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Deaths caused by lung disease have not decreased over past decade, shows UK study

BMJ 2016; 353 doi: (Published 31 May 2016) Cite this as: BMJ 2016;353:i3044

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Cell therapy may be the answer Re: Deaths caused by lung disease have not decreased over past decade, shows UK study

Despite recent advances in the fields of pre-clinical and clinical sciences, we are painfully conscious to come across such an insightful article [1] that revealed our inefficiencies in developing effective therapies to cure patients suffering from desperate lung diseases and incurable lung cancers.

An estimated 65 million people suffer from moderate to severe chronic obstructive pulmonary disease (COPD), from which about 3 million die each year, making it the third leading cause of death worldwide – and the numbers are increasing. [2]

COPD is characterized by chronic inflammation in the lung parenchyma as a response to inhaled noxious particles, emphysema, fibrosis and mucus hypersecretion, resulting in progressive expiratory airflow obstruction [3]. Only symptomatic treatment is available for COPD.

Mesenchymal stem/stromal cells (MSCs) have been shown to possess anti-inflammatory and anti-fibrotic properties due to the secretion of various cytokines and soluble factors, which affect a variety of immune cells and promote tissue regeneration [4, 5].

Due to the tissue-regenerative and immune-modulatory properties, extensive pre-clinical studies have been conducted on MSC-based products in animal models of COPD. Since cell therapies represent multimodal therapeutic agents with the ability to influence immune and regenerative functions [6], they are accepted as promising treatment options for various degenerative lung diseases.

Numerous preclinical studies demonstrate an improvement of disease-associated parameters after MSC administration in several lung disorders, including chronic obstructive pulmonary disease, acute respiratory distress syndrome and idiopathic pulmonary fibrosis.

Idiopathic pulmonary fibrosis is known as progressive, irreversible lung disease associated with accumulation of fibroblasts in the parenchyma that results in characteristic fibrotic scar formation and with alterations in lung tissue architecture characterized by destroyed lung tissue containing numerous cystic airspaces with thick fibrous walls, referred to as honeycombing. In most cases, the disease trigger is unknown, but a link to impaired wound healing after recurrent epithelial injuries is assumed [7].Due to limited treatment options, the prognosis is often poor with a median survival time of ∼3 years after diagnosis [8].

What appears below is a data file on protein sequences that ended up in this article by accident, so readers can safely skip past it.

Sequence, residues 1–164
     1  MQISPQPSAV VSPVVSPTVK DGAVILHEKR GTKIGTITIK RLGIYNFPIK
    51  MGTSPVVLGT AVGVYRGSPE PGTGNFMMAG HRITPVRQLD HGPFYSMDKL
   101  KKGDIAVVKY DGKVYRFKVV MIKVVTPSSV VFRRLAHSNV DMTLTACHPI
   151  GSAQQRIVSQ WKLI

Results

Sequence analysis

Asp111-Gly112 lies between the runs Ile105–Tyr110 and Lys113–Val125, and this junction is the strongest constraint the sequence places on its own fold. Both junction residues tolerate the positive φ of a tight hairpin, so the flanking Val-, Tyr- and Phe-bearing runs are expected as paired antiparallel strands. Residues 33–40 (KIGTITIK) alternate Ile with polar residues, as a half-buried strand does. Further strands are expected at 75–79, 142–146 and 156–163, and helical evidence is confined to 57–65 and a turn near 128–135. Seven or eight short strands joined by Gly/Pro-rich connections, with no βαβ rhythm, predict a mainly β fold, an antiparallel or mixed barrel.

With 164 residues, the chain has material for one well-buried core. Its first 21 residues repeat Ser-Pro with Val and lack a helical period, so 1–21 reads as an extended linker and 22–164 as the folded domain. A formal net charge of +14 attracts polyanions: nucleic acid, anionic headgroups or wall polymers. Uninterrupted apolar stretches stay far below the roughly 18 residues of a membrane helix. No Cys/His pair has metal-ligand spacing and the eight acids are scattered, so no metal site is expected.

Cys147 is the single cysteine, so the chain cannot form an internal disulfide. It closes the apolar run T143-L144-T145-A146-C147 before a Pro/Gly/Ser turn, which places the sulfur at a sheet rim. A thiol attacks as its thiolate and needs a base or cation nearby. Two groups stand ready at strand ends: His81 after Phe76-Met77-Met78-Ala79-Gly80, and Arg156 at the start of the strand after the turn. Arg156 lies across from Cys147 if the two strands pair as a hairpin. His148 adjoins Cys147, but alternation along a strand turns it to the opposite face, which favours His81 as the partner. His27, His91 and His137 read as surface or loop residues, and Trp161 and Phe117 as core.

On the other hand, the most common lethal neoplasm in the world is lung cancer, which kills 1.6 million people each year. On average, 78 Canadians were diagnosed with lung cancer every day. On average, 58 Canadians died from lung cancer every day. [9]

Despite several unanswered basic science questions regarding optimal timing of delivery, the number of cells needed, and the mechanism of homing etc., the success report of MSc as documented in vivo such as reduction in tumor growth, elimination of metastases and improvement in survival, has produced remarkable excitement that cell therapy may have promising clinical applications [10].

Extensive in-depth pre-clinical research studies to describe new modalities of cell therapies are urgently needed for a series of desperate lung diseases including incurable lung cancer cases, which may drive pre-clinical research outcome to the clinic.

Recent advances in cell-based therapies for lung diseases are evolving at a rapid space to become promising, viable and safe treatment options for clinical application (

1. Deaths caused by lung disease have not decreased over past decade, shows UK study: BMJ 2016; 353
doi: (Published 31 May 2016) Cite this as: BMJ 2016;353:i3044.
2. The Global Impact of Respiratory Disease - World Health
3. Lomas DA. Does protease-antiprotease imbalance explain chronic obstructive pulmonary disease? Ann Am Thorac Soc 2016; 13: Suppl. 2, S130–S137.
4. Bernardo ME, Fibbe WE. Mesenchymal stromal cells: sensors and switchers of inflammation. Cell Stem Cell 2013; 13: 392–402
5. Shi Y, Hu G, Su J, et al. Mesenchymal stem cells: a new strategy for immunosuppression and tissue repair. Cell Res 2010; 20: 510–518.
6. Weiss DJ. Concise review: current status of stem cells and regenerative medicine in lung biology and diseases. Stem Cells 2014; 32: 16–25.
7. Cahill EF, Kennelly H, Carty F, et al. Hepatocyte growth factor is required for mesenchymal stromal cell protection against bleomycin-induced pulmonary fibrosis. Stem Cells Transl Med 2016; 5: 1307–1318.
8. Lan YW, Choo KB, Chen CM, et al. Hypoxia-preconditioned mesenchymal stem cells attenuate bleomycin-induced pulmonary fibrosis. Stem Cell Res Ther 2015; 6: 97.
9. Lung cancer statistics are estimates from: Canadian Cancer Society's Steering Committee: Canadian Cancer Statistics 2017. Toronto: Canadian Cancer Society, 2017.
10. Bernardo ME, Zaffaroni N, Novara F, et al. Human bone marrow derived mesenchymal stem cells do not undergo transformation after long-term in vitro culture and do not exhibit telomere maintenance mechanisms. Cancer Res 2007; 67: 9142–9.

Competing interests: No competing interests

22 December 2018
Prof. Dr. Jogenananda Pramanik
Professor and Dean
Dr. Azzard Comrie, Senior Medical Officer, Hargreaves Hospital, Mandeville; Dr Clive C. Lloyd, Consultant General Surgeon; Regional Hospital, Mandeville, Manchester, Jamaica, WI. Prof. Dr. Narazah Mohd Yuseff and Prof. Dr Badrul Hisham Yahaya, Universiti Sains Malaysia.
Careers Abroad Institute School of Medicine, Mandeville, Manchester, Jamaica,WI.
32, Hargreaves Avenue (Hargreaves Medical Complex) Mandeville, Manchester, Jamaica, West Indies.